Winter is a time to rest, but there are still a few things you can do in your veggie patch to make sure the produce doesn’t slow down too much too.
Clean up around the garden by removing dead or diseased growth. Collect leaves for your compost and sharpen your blades for some pruning. We prune our fruit trees in winter to continue to get a quality crop on a manageable tree size. When pruning cut branches that are competing against each other, open up the framework and don’t forget the safety glasses. Also note to self, don’t prune when you are in a bad mood and take off too many branches. (Speaking from experience don’t take it out on the tree or else the tree will take it out on you and give you no Golden Delicious Apples!…ask my 6 year old who has declared her love for them)
Other things to get your deciduous fruit trees through the winter.
- Apply well- rotted manure and compost to the base of the tree
- Any plants in pots move them closer to the house to protect from frost. If you have a young plant in the ground place some shade cloth over it using stakes to protect it from frost.
- Mulch – keeps the ground warm and toasty for those veggies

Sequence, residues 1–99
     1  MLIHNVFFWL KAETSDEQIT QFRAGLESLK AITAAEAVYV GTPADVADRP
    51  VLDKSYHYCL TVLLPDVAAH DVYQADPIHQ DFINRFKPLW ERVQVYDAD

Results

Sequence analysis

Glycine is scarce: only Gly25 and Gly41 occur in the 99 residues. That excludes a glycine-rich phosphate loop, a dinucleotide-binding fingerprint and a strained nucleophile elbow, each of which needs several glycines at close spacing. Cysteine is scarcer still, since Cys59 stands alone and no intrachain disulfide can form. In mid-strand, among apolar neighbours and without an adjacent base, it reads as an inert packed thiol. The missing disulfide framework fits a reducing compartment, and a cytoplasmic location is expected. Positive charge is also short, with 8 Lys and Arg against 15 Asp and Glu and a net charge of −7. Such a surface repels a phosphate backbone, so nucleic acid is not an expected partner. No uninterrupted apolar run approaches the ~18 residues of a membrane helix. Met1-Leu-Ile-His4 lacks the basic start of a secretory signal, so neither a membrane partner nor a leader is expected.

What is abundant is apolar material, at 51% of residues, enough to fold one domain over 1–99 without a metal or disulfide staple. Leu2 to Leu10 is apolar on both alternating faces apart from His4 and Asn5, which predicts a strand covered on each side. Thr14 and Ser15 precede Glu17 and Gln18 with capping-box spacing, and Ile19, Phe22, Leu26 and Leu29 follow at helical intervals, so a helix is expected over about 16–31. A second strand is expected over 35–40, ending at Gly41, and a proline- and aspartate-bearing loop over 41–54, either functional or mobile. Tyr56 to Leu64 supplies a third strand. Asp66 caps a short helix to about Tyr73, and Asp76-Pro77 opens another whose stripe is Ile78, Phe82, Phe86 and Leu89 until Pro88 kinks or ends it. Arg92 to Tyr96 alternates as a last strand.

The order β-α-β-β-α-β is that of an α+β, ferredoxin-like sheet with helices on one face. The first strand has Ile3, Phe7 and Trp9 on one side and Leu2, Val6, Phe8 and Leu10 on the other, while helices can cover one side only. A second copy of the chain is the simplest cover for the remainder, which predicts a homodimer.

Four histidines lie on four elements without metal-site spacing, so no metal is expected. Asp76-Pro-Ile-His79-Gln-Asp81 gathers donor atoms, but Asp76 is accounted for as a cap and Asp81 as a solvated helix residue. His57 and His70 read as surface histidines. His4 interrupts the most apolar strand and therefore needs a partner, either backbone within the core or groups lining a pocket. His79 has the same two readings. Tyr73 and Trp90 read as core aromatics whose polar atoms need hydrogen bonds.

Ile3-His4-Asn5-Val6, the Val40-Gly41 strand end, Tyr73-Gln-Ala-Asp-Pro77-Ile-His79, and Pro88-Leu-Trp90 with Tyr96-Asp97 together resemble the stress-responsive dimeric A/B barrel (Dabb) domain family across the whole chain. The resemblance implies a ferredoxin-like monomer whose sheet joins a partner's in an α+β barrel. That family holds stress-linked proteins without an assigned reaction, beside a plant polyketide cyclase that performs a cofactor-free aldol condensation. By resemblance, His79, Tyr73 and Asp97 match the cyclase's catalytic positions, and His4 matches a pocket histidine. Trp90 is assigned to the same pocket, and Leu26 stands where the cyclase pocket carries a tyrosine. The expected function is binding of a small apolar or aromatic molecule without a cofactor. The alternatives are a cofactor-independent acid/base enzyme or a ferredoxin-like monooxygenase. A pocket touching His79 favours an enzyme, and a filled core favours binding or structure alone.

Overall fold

- Start thinking about what your aspirations are for your garden for spring. What do you like to eat? What fruit trees are drought tolerant? Do you need fence an area off, maybe think about espaliered fruit? Write down what you want from your garden and start planning. One of the permaculture principles is zones and sectors. Zone planning in permaculture design means placing elements according to how often we need to visit them. Areas that need to be visited every day (e.g. the glasshouse, chicken pen, herb garden) are located nearby, while places visited less frequently (grazing area, orchard, woodlot) are located further away. By placing this zones in your design makes your home more energy efficient.
- Now is the best time to plant bare rooted fruit trees as it gives them plenty of time to get established before the hot summer. If you don’t know where you are going to plant them make sure you don’t let roots dry out and keep them moist and covered with soil. Don’t keep them out of the ground for too long – mid August is a reliable deadline.
- The shortest day in June is usually the time to make sure all your veggie crops are in. My husband came up with a brilliant idea this year to create mini greenhouses by recycling water bottles for office water coolers. You simply cut off the bottom and place it on top of a pot. It’s working a treat for our broad beans, broccoli, kale, onions and spinach. They’ll grow there before I transport them into the patch.